Matchup based for sure but go for mixing as much as possible. Work it so the old teaches the new and carry it forward.
I can’t see anyone on the team wanting or asking for a back-down to play. Staff wants everyone to improve and get better so I don’t see them doing a back-down either.
way the heck to much talent, skill, drive, and ability here to not push. get all there is to get and learn all there is to learn.
 

VCU Heel

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Aug 7, 2012
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I think one of the biggest things for Bones is going to be putting on some meat.
Kid needs to bulk up a bit, which I'm pretty confident VCU strength coach is capable of doing.
That’s a lot of words just to say:

“We need to put some meat on dem Bones!”
 
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VCU Heel

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Aug 7, 2012
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Really? I dont see Roy William's telling Coby White.or Cole Anthony to do that. Certainly, Mike Rhoades didn't that with Marcus Evan's his freshman year at Rice.

@Wolfpack Ram is right, Bones is in whole.different class.

I would like MR give the kid the green light and look to get to the basket any time he sees an open path to the basket and dish if mecessary.

Simplify the playbook and let react rather than think about what his next move is.

Let him work thru his mistakes.

If he is our starting pg next year then let the second unit become HIS team. Let others learn to play off him.
First, as good as Bones is, Coby and Cole are different animals... especially Cole. He could probably start for close to half of the teams in the NBA today. He’s scored 82 points (34, 20, 28) in his first 3 college games and set the ACC record for the most points by a freshman in his debate. The ACC has had a few elite freshmen through the decades.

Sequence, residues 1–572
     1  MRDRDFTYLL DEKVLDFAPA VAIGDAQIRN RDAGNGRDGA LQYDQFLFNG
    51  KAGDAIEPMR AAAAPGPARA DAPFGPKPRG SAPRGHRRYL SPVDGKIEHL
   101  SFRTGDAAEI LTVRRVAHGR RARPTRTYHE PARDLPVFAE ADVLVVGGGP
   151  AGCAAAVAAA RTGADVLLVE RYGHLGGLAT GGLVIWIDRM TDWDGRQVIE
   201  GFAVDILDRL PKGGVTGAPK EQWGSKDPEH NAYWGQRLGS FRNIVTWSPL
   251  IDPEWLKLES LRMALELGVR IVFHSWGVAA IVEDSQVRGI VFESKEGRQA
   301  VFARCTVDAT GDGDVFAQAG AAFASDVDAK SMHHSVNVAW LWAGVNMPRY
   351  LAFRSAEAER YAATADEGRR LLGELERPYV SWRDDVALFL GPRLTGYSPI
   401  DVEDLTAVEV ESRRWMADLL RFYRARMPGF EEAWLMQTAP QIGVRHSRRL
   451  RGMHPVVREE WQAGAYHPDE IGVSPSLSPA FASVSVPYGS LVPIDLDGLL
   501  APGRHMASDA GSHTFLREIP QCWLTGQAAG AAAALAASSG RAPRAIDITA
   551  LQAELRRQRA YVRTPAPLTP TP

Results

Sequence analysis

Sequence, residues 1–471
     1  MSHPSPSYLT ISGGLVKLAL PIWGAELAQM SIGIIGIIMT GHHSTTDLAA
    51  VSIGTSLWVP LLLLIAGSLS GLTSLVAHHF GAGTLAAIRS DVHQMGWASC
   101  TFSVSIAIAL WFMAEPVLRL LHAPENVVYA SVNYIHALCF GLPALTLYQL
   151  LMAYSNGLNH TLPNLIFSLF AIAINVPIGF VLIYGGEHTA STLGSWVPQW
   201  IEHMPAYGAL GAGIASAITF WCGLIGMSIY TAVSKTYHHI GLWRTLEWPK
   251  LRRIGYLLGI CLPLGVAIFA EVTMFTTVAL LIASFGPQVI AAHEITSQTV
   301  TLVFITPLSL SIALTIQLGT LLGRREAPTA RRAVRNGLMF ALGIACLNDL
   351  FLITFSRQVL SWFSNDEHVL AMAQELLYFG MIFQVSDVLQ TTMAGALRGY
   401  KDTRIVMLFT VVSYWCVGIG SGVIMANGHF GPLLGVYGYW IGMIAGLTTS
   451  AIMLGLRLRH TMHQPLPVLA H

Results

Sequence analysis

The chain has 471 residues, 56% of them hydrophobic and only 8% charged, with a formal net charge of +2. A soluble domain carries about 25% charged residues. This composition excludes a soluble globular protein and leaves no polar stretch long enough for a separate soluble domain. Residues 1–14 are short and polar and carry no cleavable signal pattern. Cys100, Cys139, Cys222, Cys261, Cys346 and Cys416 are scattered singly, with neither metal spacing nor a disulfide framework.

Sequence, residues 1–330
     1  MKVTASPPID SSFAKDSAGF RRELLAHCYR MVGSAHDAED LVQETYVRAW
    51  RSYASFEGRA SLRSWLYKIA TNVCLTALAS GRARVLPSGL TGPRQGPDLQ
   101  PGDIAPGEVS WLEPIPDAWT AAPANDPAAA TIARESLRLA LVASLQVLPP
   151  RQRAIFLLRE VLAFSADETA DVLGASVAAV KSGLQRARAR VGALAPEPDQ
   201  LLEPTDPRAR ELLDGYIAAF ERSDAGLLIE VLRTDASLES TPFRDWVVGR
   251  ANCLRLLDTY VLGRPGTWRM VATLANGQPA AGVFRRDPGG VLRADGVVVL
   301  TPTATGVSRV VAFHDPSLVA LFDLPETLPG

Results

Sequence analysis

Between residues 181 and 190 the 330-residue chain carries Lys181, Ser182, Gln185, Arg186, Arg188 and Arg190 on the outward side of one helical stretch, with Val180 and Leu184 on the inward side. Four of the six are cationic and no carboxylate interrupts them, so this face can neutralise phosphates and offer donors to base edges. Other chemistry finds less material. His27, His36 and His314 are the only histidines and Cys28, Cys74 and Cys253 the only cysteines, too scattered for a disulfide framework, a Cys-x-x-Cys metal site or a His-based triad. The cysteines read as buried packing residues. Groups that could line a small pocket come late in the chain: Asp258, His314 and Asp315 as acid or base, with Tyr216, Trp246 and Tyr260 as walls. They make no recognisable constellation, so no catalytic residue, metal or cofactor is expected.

As for Evans, he wasn’t playing at the same level of college basketball at Rice. The competition was weaker. He didn’t have as many talented teammates to compete with for playing time. Plus, the expectations and the consequences for mistakes were lower. (And as good as Bones is, Evans was probably better at he same stage.)
 

MobileMunchies

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Nov 2, 2013
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I spent a year at age 18 doing weight training instruction, diet creations for loss and gain. We had an entire floor of unique, patented weight machines, and the whole bottom floor was a huge free weight section. We did a full plan for them... weight gain diets for for certain people during times of intensive workout sessions can be beyond challenging. It was the Nautilus out by ridge/regency, there was a grocery store there right beside it which had a extensive bulk section with every nut and dried fruit you could imagine, we'd work out clients, then take them shoppng next door explaining what to buy, why and how to eat/prepare meals. The man who taught us, Carlos DeJesus, created rather crafty ways for us to see results, which did work for a LOT of those we worked with using a team approach with some who were especially difficult. While working there I went from 145 as a grad senior in HS to 192 in a matter of months. Everyone who worked there experimented on ourselves along the way. What we aimed at accomplishing most definitely worked with most. But there were always a select few who just weren't geared to put on weight, no matter what we did could not and would not work. There are experts at this kind of thing here, I foresee them being able to get the job done. Science has come a long way since the late 80s.